Using Sustainable Materials and Alternative Energy Forms30 July 2012
Farmers instinctively want to do the right thing sustainably. After all, farmers maintain, protect and enhance a large part of the UK’s landscape by the very nature of what they do. Small-holders and large scale producers alike carry a unique responsibility to manage the countryside, writes Louise Barnett for EcoSheet in the UK.
Understanding and managing our environmental footprint is a key priority at the same time as producing the food we need to eat individually and as a nation. The Government’s chief scientist Professor John Beddington has called it ‘the perfect storm’ – the challenge of producing 50 per cent more food by 2030 while adapting to climate change.
If anyone knows about climate change, farmers do. After all, it is they who notice the effect it is having on harvesting and feeding. They get to experience it first-hand.
Given all the challenges that farmers are facing at a time when the bottom line seems to be all that matters, how easy is it being green? And is it as simple as just having the right sustainable farming practices and production methods?
Well not exactly. It is true that that these lie at the heart of sustainability, however, we also need to consider other aspects of what we do, from the top to the bottom of the chain. For example, what about the buildings in which we house our animals? How many of us can say that we use sustainable materials and alternative forms of energy in our animal housing to make them truly sustainable?
Of the two, renewable energy is certainly higher up the awareness scale for farmers than sustainable building materials. Recent research by the NFU and NatWest is evidence of this as it revealed that 30 per cent of farmers across England and Wales will be involved in some form of renewable energy production, use or supply by the end of the summer.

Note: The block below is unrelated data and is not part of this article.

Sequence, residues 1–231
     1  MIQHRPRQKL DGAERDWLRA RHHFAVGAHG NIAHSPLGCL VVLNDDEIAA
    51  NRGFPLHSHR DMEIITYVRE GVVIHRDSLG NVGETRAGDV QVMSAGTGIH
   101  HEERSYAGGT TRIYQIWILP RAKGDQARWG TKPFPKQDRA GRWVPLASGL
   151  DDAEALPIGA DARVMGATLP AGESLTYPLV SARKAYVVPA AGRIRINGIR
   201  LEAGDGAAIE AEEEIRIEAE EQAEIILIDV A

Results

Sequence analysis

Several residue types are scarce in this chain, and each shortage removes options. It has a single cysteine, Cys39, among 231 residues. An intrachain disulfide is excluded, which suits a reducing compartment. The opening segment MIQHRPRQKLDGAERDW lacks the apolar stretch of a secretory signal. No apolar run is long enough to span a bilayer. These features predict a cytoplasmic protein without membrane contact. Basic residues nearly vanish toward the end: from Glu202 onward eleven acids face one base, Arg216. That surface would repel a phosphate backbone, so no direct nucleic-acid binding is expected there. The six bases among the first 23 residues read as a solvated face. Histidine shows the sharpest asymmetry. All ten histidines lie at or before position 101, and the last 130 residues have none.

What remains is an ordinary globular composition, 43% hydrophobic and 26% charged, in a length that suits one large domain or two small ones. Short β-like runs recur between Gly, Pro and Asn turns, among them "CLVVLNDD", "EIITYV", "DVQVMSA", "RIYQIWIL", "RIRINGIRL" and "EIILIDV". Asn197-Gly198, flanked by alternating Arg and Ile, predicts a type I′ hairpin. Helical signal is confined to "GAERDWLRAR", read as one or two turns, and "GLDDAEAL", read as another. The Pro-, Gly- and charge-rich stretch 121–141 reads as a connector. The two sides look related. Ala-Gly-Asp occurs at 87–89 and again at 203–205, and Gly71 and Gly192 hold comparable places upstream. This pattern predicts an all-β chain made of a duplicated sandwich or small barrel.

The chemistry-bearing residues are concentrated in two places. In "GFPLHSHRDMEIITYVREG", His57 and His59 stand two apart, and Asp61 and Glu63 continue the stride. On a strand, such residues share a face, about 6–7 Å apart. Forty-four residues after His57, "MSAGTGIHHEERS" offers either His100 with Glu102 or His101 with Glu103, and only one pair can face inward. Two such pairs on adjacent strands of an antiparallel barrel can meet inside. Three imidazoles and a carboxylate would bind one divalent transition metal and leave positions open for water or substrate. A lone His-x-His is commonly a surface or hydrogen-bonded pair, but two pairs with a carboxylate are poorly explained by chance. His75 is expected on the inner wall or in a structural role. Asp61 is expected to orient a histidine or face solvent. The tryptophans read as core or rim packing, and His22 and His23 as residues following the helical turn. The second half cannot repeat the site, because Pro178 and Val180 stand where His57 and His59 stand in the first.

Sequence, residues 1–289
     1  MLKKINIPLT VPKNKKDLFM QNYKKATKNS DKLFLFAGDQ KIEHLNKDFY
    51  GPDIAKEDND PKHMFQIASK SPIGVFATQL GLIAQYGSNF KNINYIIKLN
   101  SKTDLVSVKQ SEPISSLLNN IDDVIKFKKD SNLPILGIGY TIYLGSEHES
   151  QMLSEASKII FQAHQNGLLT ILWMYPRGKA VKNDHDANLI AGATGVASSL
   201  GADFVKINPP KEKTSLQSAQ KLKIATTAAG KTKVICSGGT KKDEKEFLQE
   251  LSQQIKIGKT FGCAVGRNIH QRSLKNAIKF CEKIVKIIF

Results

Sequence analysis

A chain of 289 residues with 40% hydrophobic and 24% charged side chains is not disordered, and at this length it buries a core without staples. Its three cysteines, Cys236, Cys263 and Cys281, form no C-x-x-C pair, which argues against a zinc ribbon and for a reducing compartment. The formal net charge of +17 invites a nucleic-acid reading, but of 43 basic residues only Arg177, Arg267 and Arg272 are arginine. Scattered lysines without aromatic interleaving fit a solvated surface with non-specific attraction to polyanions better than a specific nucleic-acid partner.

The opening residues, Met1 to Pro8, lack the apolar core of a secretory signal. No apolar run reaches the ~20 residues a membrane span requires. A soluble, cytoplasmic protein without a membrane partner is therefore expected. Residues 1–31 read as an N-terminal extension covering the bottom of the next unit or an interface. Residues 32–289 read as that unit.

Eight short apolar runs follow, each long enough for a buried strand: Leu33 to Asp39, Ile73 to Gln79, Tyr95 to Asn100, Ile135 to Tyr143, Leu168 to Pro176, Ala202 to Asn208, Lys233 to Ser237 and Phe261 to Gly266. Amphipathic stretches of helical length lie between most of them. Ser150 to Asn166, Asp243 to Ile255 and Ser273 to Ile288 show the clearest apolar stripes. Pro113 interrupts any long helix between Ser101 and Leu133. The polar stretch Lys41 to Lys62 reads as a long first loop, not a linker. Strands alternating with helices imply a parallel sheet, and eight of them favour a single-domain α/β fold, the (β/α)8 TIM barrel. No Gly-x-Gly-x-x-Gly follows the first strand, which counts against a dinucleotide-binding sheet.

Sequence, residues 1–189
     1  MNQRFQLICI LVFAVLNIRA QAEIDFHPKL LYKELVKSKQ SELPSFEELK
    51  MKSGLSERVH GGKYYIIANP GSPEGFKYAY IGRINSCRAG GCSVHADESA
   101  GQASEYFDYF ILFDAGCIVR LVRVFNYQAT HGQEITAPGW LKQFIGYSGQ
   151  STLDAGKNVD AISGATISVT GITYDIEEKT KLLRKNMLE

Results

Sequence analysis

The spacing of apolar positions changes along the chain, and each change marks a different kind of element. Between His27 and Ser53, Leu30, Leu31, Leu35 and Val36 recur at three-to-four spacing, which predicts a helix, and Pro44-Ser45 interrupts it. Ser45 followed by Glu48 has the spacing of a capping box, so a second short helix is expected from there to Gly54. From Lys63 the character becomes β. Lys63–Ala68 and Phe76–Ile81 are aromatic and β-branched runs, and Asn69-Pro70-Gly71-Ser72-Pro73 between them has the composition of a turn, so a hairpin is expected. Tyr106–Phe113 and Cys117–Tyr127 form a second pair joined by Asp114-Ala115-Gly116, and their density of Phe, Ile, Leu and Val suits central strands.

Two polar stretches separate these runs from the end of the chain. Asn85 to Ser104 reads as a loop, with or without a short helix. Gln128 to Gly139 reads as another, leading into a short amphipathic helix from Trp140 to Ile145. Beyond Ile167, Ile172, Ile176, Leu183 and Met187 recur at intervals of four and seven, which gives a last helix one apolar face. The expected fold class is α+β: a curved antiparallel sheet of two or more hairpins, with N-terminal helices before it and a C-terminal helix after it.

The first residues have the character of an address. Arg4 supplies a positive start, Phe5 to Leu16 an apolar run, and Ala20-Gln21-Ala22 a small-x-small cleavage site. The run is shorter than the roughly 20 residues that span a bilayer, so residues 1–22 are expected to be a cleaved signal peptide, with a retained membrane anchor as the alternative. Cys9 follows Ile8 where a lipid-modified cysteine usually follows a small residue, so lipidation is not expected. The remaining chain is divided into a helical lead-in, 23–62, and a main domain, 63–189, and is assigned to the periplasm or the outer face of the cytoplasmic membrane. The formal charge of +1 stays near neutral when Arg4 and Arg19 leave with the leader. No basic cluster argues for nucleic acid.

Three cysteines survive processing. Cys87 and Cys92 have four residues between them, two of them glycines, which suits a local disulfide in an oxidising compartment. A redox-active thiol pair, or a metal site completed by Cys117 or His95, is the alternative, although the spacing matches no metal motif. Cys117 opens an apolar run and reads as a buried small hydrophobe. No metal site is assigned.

Around one in five will be producing clean electricity, one in six will have installed solar PV and a further one in eight will be using or generating renewable energy. The findings suggest agriculture will make a significant contribution to the UK target of producing 15 per cent of our energy from renewable sources by 2020, as set by the EU Renewable Energy Directive.
One high profile farmer who has already seized the renewable energy opportunity and is looking into other sustainable construction options is TV presenter Kate Humble who has established a brand new centre for rural skills and animal husbandry in Monmouthshire.
According to Kate, she has spent hours scouring the internet trying to work out what system or combination of systems would work best at the farm – ground source or air source? Biomass or PV? Sheep’s wool or fibreglass? She’s also explored effectively storing rainwater and using it for the water troughs, doing clever things with cow poo and even thinking about having a wind turbine installed on her land – although she thought twice about this and opted instead for biomass, a boiler system powered by wood for which you can get grants to help fund it.
So what about the building materials that farmers typically use for housing their animals, food and equipment? Exactly how sustainable are they and what can we do to make them better? There are certainly some lessons to be learnt from the construction industry, which over the past few years has made great gains when it comes to encouraging sustainable construction, minimising waste and maximising recycling.
This included a voluntary agreement by many of the country’s major construction companies with WRAP, the government-backed Waste & Resources Action Programme, to halve construction waste to landfill by 2012. Likewise, the development of new technologies, including 100 per cent recyclable materials, has been another positive move and something the farming industry now needs to take on board.